New jab could give hope to those at risk of sight loss from age-related macular degeneration
Age-related macular degeneration is a leading cause of sight loss, with treatments including regular injections into the eyeball. A new drug could transform how the condition is managed, reports Julie Cook
EVERY six weeks, former company secretary Margaret Mason feels a sense of dread as she prepares to go to hospital for an injection into her eyeball.
She finds the experience not only nerve-racking but painful - yet it is something she must do to preserve her failing sight.
"I absolutely dread it," says Margaret (71). "Having a needle in your eyeball is not pleasant, but I go as I don't want to go blind."
But soon, she and hundreds of thousands of others may be spared this ordeal thanks to a newly approved treatment.
Margaret has age-related macular degeneration (AMD), one of the leading causes of sight loss in this country.
It's a common complaint, affecting some 600,000 people in the UK, and occurs as a result of damage to the macula, the middle part of the retina, the thin layer of tissue at the back of the eye that turns light into signals for the brain.
There are two forms of AMD - dry and wet. Dry is the early stage, when the macula, which processes sharp central vision, begins to degenerate causing vision problems. In five to seven per cent of cases this will progress to wet AMD, when new fragile blood vessels form in the eye to try to repair the damage to the macula, but start to leak.
"With age, there's a degeneration in the macula and this leads to a build-up of by-products causing little areas of thickening," says Professor Ian Pearce, a consultant ophthalmologist at Royal Liverpool University Hospital.
"This accumulates in the back of the eye, which can lead to blurred vision or a blind spot. This is when prompt treatment is needed. As a general rule, time from suspected diagnosis to treatment is within two weeks. If you don't treat it that fast, you can end up with permanent damage."
The treatment for wet AMD is regular injections, every four to eight weeks, of anti-vascular endothelial growth factor (anti-VEGF), which stops the abnormal growth of tiny blood vessels that can destroy the retina.
The drugs, such as ranibizumab (brand name Lucentis), contain an antibody that stops chemical signals that prompt the blood vessels to leak and grow - they can slow the progress of the condition and even improve vision slightly.
"The problem is the antibody wears off after a few days and the blood vessels start to leak again, so many patients need repeated injections for many years," says Professor Pearce.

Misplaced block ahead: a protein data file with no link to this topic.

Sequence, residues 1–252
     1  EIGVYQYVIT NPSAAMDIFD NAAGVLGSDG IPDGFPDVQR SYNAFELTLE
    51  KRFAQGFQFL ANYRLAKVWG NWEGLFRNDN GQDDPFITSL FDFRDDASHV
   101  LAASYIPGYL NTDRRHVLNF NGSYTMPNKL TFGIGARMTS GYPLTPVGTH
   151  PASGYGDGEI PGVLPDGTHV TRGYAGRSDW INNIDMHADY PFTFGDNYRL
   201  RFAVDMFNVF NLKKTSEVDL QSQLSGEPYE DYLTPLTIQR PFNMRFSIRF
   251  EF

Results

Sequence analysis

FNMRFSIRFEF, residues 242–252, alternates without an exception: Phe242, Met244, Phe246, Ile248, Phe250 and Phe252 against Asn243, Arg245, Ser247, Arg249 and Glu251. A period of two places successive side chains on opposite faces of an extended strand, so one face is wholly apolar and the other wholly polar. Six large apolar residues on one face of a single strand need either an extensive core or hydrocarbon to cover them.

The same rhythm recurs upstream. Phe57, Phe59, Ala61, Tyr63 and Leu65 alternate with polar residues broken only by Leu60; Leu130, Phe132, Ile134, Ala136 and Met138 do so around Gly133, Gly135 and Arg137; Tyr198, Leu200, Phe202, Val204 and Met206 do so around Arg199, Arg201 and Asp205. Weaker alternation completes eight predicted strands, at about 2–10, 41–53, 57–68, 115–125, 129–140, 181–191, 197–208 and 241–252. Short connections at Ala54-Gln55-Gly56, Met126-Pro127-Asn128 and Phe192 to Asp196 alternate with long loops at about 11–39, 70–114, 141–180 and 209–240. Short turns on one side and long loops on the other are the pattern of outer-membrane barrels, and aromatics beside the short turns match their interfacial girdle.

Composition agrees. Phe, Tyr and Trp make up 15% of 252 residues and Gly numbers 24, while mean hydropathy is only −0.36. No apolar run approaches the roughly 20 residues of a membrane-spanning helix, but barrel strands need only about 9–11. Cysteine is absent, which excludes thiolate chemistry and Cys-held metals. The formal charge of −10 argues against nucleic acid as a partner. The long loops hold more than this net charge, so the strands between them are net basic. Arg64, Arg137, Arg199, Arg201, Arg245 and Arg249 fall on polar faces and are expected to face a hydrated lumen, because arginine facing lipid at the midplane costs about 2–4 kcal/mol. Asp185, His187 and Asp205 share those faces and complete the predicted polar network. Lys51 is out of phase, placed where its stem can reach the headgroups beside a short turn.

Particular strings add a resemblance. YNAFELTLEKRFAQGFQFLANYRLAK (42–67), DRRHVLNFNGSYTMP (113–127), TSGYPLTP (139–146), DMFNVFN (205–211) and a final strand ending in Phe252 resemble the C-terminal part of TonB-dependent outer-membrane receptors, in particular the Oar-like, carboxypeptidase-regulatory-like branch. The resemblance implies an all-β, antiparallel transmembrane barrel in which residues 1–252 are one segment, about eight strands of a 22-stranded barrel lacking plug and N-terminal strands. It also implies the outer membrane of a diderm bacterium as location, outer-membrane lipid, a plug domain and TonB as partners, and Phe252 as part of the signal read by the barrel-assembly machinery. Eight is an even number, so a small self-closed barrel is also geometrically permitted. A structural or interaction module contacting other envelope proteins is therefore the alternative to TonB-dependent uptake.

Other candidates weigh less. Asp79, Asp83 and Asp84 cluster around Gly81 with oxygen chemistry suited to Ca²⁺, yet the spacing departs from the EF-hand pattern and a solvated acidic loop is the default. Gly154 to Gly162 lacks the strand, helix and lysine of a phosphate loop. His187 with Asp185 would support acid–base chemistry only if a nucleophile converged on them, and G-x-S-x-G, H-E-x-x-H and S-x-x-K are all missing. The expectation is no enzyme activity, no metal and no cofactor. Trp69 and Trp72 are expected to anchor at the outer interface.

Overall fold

And this is an issue, as many patients find the injections painful and a source of anxiety. Then there's the burden of frequent hospital visits to have them.
But in a major breakthrough, the NHS drug spending watchdog, the National Institute for Health and Care Excellence (NICE), recently approved the use of a new drug - called faricimab - which only needs to be injected once every four months, rather than every four weeks, and is just as effective as anti-VEGF drugs.
NICE says up to 300,000 people in the UK could benefit from the new treatment.
"Faricimab works well at early stages of wet AMD, when the blood vessel leakage is small and has not led to scarring or damage to retinal cells," says Praveen Patel, a consultant ophthalmologist at Moorfields Eye Hospital in London, and the chief investigator on the trial that persuaded NICE to approve faricimab.
"It can also lead to an improvement in vision if the light-detecting cells in the macula have not died away, or have not been affected by scarring," he adds.
"We tend to see large improvements in vision in up to one in three people, though patients with very severe sight loss tend to have scar tissue in the macula or damage or loss of light-detecting retinal cells."
The Macular Society believes faricimab could transform treatment for many patients.
"Hospital trips - sometimes every four weeks - can be arduous and patients often have to rely on the support of friends and family," says Cathy Yelf, chief executive of the Macular Society.
Margaret is among those hoping to have fewer hospital visits and fewer jabs, as she is among those who might start treatment with faricimab soon.
"If this happens, it will preserve my sight and I won't have to go as often for injections," she says.
Injections every six weeks have been part of Margaret's life since 2021. She was diagnosed with dry AMD in 2016 during a routine appointment. "The optician said: 'I'm afraid you have AMD and you will lose your sight.' She handed me a leaflet and sent me home."
Within a year her AMD had progressed from dry to wet and her eyesight had deteriorated to the extent she could no longer drive.
Anti-VEGF injections have helped but she says she will welcome the new treatment: "Having less regular injections is going to improve people's quality of life no end."
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